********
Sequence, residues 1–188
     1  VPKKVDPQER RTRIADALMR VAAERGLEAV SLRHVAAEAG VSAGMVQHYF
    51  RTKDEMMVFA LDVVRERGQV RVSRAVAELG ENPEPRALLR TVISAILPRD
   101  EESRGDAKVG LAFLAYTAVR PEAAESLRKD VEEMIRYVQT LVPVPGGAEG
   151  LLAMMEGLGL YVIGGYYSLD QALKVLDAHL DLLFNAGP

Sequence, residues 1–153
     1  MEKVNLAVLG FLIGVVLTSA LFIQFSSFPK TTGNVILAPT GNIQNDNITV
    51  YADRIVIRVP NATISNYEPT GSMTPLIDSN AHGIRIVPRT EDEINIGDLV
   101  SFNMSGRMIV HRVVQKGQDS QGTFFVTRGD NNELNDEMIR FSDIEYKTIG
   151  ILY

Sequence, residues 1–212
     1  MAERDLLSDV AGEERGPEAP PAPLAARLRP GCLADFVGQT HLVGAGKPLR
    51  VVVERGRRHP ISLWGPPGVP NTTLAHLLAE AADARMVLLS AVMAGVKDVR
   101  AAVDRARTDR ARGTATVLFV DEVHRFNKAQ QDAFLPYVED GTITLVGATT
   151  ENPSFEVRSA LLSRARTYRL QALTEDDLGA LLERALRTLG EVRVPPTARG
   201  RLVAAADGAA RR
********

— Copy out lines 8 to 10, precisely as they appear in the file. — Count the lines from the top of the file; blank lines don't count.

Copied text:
    51  YADRIVIRVP NATISNYEPT GSMTPLIDSN AHGIRIVPRT EDEINIGDLV
   101  SFNMSGRMIV HRVVQKGQDS QGTFFVTRGD NNELNDEMIR FSDIEYKTIG
   151  ILY